Primary anaplastic large cell lymphoma of central nervous system-A case report
A Rupani1, C Modi1, S Desai2, J Rege1,
1 Department of Pathology, T. N. Medical College, B. Y. L. Nair Charitable Hospital, Mumbai, India
2 Tata Memorial Hospital, Mumbai, India
Department of Pathology, T. N. Medical College, B. Y. L. Nair Charitable Hospital, Mumbai
Central nervous system (CNS) involvement is extremely rare in anaplastic large cell lymphoma (ALCL). Primary ALCL of CNS on radiology is often misdiagnosed as tuberculosis. We report a fatal case of primary ALCL of CNS in a 17 year old male. He came with history of headache and left partial seizures. MRI showed a well- circumscribed lesion in the right fronto-parietal lobe eroding the skull bone. Biopsy showed large pleomorphic cells. Immunohistochemical stains showed positivity for CD30, CD43, EMA and ALK-1. In spite of radiotherapy and steroids, patient expired. Hence a high level of suspicion is essential for early diagnosis and for instituting appropriate treatment.
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Rupani A, Modi C, Desai S, Rege J. Primary anaplastic large cell lymphoma of central nervous system-A case report.J Postgrad Med 2005;51:326-327
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Rupani A, Modi C, Desai S, Rege J. Primary anaplastic large cell lymphoma of central nervous system-A case report. J Postgrad Med [serial online] 2005 [cited 2021 Feb 24 ];51:326-327
Available from: https://www.jpgmonline.com/text.asp?2005/51/4/326/19251
Anaplastic large cell lymphoma (ALCL), also known as Ki-1, pleomorphic or histiocytoid lymphoma was reported first by Stein et al. in 1985. Primary or secondary involvement of central nervous system (CNS) is extremely rare in ALCL. Only 15-20 well-documented cases of primary CNS-ALCLs are found in the western literature. ,, To the best of our knowledge this would be the first case in Indian literature.
A 17-year-old male presented with headache, left upper limb monoparesis and left partial seizures since 5 months. MRI-scan showed a right fronto-parietal enhancing lesion. Diagnosis of tuberculosis was made and patient was started on anti-tuberculosis treatment, carbamezapine and steroids. There was no improvement and on repeat MRI, a well-circumscribed 3 x 4 cm mass was noted in the right fronto-parietal region eroding the skull bone and forming a scalp swelling [Figure 1].
The patient was HIV-antibody negative and his haemogram was within normal limits. Intraoperatively, the mass was attached to the dura. An excisional biopsy showed large pleomorphic cells with abundant eosinophilic to amphophilic cytoplasm and prominent nucleoli. Few eosinophils were also noted in the background. Necrosis was absent. Hence a differential diagnosis of granulocytic sarcoma or lymphoma was considered [Figure 2]. On further evaluation there was absence of systemic lymphadenopathy or organomegaly. Cerebrospinal fluid (CSF) examination and bone marrow examination were not performed. Myeloperoxidase and chloracetate esterase stains were negative, whereas CD30, CD43, LCA, EMA and Alk-1 were positive on immunohistochemistry [Figure 3]. Hence, a final diagnosis of primary ALCL of T-cell type of CNS was made. Patient was treated with radiotherapy and steroids. He developed a left supraclavicular lymphnode within three months. Fine needle aspiration cytology showed cytological features of ALCL. He was then started on chemotherapy (cyclophosphamide, adriamycin and vincristine). Inspite of these measures, patient expired after 1 month. Autopsy was not performed.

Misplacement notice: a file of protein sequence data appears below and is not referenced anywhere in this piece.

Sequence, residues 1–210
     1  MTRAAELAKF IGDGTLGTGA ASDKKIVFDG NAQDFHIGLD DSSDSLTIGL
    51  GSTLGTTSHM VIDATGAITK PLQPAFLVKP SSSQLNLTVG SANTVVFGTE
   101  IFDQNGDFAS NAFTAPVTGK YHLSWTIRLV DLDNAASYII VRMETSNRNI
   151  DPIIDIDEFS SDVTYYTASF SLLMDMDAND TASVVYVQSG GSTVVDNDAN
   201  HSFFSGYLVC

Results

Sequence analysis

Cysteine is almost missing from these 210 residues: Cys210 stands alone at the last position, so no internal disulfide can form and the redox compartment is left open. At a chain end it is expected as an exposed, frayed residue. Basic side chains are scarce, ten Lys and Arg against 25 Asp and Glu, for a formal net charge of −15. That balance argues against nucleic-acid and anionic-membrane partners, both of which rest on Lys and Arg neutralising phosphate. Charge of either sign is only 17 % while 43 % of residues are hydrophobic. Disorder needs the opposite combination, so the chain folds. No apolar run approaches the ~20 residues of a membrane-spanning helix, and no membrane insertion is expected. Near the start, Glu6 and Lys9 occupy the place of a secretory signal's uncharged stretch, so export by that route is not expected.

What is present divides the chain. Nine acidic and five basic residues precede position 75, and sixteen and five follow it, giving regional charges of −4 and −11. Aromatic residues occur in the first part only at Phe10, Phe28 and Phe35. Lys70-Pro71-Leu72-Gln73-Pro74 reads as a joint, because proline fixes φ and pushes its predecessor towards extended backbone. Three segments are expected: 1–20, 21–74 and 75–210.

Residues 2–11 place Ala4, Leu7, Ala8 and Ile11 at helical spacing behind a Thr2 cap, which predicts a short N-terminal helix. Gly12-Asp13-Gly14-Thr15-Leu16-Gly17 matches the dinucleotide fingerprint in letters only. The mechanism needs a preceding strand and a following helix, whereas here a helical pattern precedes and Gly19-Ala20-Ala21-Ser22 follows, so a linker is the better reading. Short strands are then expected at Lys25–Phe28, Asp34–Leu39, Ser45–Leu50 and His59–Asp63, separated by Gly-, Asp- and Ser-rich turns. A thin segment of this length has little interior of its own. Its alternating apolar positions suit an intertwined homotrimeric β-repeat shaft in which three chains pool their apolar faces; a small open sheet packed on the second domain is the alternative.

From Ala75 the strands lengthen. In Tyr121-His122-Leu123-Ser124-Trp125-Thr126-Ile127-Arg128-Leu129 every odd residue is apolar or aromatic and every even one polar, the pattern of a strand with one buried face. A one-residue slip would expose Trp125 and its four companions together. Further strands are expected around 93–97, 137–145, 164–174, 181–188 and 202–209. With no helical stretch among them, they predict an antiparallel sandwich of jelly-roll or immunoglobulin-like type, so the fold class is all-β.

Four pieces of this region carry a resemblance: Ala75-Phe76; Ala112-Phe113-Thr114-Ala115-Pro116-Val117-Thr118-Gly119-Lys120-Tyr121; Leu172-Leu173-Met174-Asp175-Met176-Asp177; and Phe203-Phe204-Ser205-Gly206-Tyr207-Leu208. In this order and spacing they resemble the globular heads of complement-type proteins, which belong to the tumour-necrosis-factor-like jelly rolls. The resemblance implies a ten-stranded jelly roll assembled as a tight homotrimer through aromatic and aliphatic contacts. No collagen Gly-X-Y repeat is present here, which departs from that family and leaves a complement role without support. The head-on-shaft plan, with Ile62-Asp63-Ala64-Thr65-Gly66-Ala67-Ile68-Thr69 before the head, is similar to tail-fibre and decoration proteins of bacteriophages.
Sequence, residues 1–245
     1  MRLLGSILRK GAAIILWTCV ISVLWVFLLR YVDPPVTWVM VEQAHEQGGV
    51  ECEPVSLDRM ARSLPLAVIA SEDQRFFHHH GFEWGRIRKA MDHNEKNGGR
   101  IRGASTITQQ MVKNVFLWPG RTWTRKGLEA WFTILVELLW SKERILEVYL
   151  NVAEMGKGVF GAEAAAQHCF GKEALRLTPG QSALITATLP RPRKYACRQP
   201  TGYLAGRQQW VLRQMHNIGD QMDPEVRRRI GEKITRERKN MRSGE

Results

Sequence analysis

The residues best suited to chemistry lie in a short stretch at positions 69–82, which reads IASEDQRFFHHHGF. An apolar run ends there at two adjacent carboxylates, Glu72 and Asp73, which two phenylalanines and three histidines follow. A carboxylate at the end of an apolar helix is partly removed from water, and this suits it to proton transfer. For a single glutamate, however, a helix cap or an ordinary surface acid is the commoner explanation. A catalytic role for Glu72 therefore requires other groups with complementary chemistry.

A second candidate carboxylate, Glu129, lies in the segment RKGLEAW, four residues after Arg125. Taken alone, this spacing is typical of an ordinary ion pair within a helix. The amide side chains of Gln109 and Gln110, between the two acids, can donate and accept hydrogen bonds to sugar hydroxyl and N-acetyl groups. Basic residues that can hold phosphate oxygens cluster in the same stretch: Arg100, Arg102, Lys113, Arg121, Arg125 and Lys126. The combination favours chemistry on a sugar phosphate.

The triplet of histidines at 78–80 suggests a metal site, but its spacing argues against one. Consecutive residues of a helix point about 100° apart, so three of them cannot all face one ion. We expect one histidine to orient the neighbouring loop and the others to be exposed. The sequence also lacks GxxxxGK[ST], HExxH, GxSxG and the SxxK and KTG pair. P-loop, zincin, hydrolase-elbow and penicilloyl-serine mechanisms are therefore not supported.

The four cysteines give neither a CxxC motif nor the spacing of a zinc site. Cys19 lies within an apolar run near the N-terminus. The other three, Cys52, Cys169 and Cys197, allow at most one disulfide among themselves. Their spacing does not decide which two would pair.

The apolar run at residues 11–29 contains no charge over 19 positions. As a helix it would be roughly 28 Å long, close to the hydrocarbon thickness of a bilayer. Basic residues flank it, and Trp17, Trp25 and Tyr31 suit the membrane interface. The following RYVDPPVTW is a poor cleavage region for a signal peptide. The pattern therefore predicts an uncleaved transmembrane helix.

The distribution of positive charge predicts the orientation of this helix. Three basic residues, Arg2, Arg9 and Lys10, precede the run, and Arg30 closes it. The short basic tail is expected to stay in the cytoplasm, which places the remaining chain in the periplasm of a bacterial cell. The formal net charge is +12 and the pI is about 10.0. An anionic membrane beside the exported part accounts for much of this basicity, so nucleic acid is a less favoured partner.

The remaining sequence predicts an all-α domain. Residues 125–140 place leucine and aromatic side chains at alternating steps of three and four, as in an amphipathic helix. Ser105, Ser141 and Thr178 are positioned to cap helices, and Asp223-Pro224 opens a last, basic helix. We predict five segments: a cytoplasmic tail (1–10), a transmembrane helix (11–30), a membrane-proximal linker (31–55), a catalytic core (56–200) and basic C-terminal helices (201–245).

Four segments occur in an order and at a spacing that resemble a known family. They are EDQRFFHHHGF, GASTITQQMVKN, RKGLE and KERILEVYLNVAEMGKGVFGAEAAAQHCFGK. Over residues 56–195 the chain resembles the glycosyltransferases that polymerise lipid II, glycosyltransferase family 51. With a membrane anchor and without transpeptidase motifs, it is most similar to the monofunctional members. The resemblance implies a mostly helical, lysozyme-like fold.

Primary central nervous system lymphomas (PCNSL) are rare entities forming 2-6% of brain tumours. We made the diagnosis of PCNSL as it fulfilled the criteria for PCNSL.
l The patient presented with neurological symptoms.
l The diagnosis of lymphoma was made by biopsy.
l At the time of initial evaluation, no evidence of lymphoma was found at any other site.
Primary central nervous system ALCL is extremely rare and most of the cases have been reported in young adults. Analysis of cases of primary ALCL described in the literature, indicate a bimodal age distribution with 50% below 20 years and other peak is observed after fourth decade. ,, It is found to be more frequent in females than in males. No association with HIV is found and most of them are immunocompetent individuals. Though most cases showed multifocal lesions, there was a predilection for frontoparietal region and almost all had lelpto meningeal involvement. Around half of the cases were Alk-1 positive. Few cases out of these had been clinically misdiagnosed as infectious lesions, mostly mycobacterial infection and treated accordingly, as it was in our case.,
Primary central nervous system ALCL seems to behave more aggressively than nodal ALCL. Multifocality, tumor necrosis, monomorphic appearance of the cells and Alk-1 negativity were associated with bad prognosis. Most of the reported cases relapsed in 2-3 months and died due to tumour or treatment related causes. Our case, inspite of having none of these features behaved aggressively and relapsed in the form of nodal involvement, which is not mentioned clearly in other cases. ,,
A differential diagnosis of blastic type of granulocytic sarcoma was considered due to site, age and horse-shoe shaped nuclei. However, a clue to the diagnosis would be the presence of eosinophillic precursors and presence of 2 to 3 nucleoli, which were not seen in our case.
To summarize, PCNS-ALCL is a very rare tumour and is seldom clinically diagnosed. It is often misdiagnosed as mycobacterial CNS infection on imaging techniques. Hence an early recognition of PCNSL-ALCL by biopsy is important in permitting a more tailored therapeutic approach, as they may have a very rapidly deteriorating clinical course.
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